MEAT: It’s What’s For Dinner


Meat (aka Vlees, 2010) is a Netherlands film directed by Victor Nieuwenhuijs and Maartje Seyferth. Artsploitation Films has finally given Meat a US release, although I say “finally” a bit tongue in cheek – whether or not anyone was clamoring for a US release, I don’t know, but this isn’t like some underground classic that is finally seeing the light of day.

I’ve noticed a trend among lower budget, art house-style films: if you’re confused and lost fifteen minutes from the end, it’s unlikely they’re going to bring that moment of clarification. There’s no “aha!” plot thread to snap everything into place. Granted, I say that as someone who likes art house, and some films can be both ambiguous and compelling.


Meat riffs on some potentially interesting themes and ideas. Sex is a constant overtone, following a large, sweaty butcher (played by Titus Muizelaar) who thinks he’s God’s gift. His leering eyes follow his employee, Roxy (Nellie Benner), a gaze that quickly turns into a physical harassment. Meat presents us a context to explore ideas of consent, the grotesque nature of the butcher’s overpowering stature, the toxic wisp of sweet nothings that he guides into her ear – the dominoes get carefully propped up during the movie’s first 45 minutes. But after the murder of the butcher, the story flips to Inspector Mann, where the plot spirals into a hazy sequence of scenes that pick up on the police procedure of interviews and flashbacks and a general sense of incoherence spiraling around sex, the dichotomy of the butcher/inspector characters, Roxy’s relationships, and a weird bit of hopping about in the narrative as the timeline blurs.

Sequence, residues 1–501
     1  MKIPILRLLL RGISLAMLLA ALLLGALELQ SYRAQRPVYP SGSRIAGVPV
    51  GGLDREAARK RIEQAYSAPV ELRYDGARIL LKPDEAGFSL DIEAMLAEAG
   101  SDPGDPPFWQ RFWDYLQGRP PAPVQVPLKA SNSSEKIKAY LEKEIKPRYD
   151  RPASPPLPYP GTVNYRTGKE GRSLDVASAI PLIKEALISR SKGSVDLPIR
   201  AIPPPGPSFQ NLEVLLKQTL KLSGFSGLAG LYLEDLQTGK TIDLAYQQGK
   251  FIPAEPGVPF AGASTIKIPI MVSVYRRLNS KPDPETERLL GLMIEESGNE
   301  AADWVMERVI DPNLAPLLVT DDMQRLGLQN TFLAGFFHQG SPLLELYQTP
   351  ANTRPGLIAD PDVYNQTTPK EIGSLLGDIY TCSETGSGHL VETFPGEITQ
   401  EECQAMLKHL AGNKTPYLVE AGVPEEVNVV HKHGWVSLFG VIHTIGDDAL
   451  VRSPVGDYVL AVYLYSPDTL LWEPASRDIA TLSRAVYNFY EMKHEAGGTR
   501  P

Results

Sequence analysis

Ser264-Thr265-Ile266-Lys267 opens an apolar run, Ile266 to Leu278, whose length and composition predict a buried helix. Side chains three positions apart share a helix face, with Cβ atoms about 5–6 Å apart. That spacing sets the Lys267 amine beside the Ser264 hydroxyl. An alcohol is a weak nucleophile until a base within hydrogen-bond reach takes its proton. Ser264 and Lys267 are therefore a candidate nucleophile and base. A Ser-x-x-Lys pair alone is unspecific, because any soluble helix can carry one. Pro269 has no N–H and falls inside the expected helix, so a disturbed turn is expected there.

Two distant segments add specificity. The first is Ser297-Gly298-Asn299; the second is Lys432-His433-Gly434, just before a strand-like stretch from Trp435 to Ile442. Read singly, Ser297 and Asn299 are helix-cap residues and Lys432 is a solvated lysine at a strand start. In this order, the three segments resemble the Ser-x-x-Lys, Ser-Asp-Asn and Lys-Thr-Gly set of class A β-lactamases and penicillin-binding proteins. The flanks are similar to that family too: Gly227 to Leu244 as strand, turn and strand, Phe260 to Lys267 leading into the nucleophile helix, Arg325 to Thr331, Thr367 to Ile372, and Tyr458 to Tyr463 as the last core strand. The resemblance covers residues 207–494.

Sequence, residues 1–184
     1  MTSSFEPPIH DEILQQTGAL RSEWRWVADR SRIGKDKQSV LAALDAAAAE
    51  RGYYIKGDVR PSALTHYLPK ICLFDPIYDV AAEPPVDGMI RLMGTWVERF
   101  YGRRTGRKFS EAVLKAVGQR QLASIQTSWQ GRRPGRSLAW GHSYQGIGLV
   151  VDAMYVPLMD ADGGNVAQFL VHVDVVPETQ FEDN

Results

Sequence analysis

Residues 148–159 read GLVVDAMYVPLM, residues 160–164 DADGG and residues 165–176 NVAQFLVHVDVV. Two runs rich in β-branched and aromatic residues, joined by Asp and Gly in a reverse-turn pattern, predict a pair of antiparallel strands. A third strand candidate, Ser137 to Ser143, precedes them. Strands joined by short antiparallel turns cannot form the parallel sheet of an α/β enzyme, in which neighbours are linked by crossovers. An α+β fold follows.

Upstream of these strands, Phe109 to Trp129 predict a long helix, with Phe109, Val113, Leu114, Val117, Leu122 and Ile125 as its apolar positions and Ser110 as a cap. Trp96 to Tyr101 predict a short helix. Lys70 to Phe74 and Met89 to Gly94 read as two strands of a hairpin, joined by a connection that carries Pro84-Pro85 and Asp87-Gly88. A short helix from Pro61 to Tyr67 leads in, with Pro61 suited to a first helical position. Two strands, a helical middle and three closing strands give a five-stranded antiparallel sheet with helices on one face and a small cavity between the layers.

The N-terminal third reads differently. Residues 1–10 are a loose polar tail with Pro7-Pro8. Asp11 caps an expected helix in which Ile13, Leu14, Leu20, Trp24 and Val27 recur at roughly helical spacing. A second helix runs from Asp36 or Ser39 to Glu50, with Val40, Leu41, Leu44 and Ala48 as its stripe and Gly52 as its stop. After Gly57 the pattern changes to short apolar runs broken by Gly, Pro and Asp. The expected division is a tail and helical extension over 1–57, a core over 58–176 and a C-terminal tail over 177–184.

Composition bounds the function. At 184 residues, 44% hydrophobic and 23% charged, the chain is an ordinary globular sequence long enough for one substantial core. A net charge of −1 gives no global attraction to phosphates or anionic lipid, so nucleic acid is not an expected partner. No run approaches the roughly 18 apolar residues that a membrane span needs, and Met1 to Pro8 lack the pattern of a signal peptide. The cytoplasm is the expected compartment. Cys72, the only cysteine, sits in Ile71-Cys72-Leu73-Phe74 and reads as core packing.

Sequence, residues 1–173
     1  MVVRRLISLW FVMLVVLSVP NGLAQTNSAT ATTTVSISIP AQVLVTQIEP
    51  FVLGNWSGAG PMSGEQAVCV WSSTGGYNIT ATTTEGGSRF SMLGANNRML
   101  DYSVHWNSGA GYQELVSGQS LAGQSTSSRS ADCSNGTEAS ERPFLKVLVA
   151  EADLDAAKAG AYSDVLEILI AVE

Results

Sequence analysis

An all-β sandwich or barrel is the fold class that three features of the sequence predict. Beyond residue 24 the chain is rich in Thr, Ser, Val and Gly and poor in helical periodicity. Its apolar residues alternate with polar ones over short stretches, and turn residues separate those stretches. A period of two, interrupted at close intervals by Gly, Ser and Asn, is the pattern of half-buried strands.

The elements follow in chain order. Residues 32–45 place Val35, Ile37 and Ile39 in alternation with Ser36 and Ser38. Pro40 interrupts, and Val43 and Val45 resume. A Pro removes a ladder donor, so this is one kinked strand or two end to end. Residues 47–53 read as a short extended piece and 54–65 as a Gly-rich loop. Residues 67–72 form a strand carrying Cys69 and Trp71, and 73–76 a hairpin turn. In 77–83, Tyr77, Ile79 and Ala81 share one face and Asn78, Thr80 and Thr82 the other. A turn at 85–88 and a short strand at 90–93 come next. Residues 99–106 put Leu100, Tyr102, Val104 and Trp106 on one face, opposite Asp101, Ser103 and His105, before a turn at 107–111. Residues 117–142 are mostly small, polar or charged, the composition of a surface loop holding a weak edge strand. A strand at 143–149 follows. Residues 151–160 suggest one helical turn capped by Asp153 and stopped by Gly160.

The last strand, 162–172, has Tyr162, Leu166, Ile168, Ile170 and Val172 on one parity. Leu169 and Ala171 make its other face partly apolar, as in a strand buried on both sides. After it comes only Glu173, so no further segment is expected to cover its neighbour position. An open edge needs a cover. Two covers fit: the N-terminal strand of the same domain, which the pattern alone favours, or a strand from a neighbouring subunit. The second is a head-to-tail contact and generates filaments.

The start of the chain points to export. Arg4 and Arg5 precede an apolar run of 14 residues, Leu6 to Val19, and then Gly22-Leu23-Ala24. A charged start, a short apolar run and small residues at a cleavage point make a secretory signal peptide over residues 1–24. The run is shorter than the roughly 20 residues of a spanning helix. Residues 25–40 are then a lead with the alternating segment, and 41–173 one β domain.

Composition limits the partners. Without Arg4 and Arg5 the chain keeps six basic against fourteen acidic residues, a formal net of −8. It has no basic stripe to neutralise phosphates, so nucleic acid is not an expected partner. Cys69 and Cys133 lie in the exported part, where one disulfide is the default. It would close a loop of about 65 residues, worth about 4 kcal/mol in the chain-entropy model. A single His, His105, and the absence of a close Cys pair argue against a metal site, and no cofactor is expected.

The possibility for something compelling is here, but none of the dominoes–no matter how finely propped – are able to hit another to create that falling chain reaction. Without the payoff, Meat is just a bunch of erotically-tinged scenes and images, which might be enough for some people. Eroticism sells, after all. But despite the sex, the nudity, and the generally adult nature of Meat, it’s a very unsexy movie. It takes place in a butchershop, after all. With a despicable man who wields his dick like a meat cleaver. Few people will watch this and find their libido aided.


Several things might be seen as redeeming qualities, depending on the viewer: 1. Muizelaar gives a helluva performance. He plays two characters here, well enough that I didn’t even know they were both him until the credits rolled. 2. The sound in the movie is stellar–at least, in that horrifying way that the wet slop and bone-thud of meat cleaving can be. The slop-thud gets duplicated (albeit with a different timbre) during the intercourse. Even little details like the constantly ringing phone in the police station is easy to ignore consciously, but really gives an anxious edge to Inspector Mann’s office scenes.

Plenty of movies that aren’t underground classics can be worthy of international viewership, unfortunately Meat is something of a mess, making it a hard film to recommend.

Jacob Gehman
Jacob lives in Lancaster, PA, where he basically shelters himself from anything resembling culture and other people. Digs on creative expression in all mediums. Works night shift, so is always cranky, irritated, and hungry. He drives a car. Sometimes his roommates' cats want him to pet them, and sometimes he does so.
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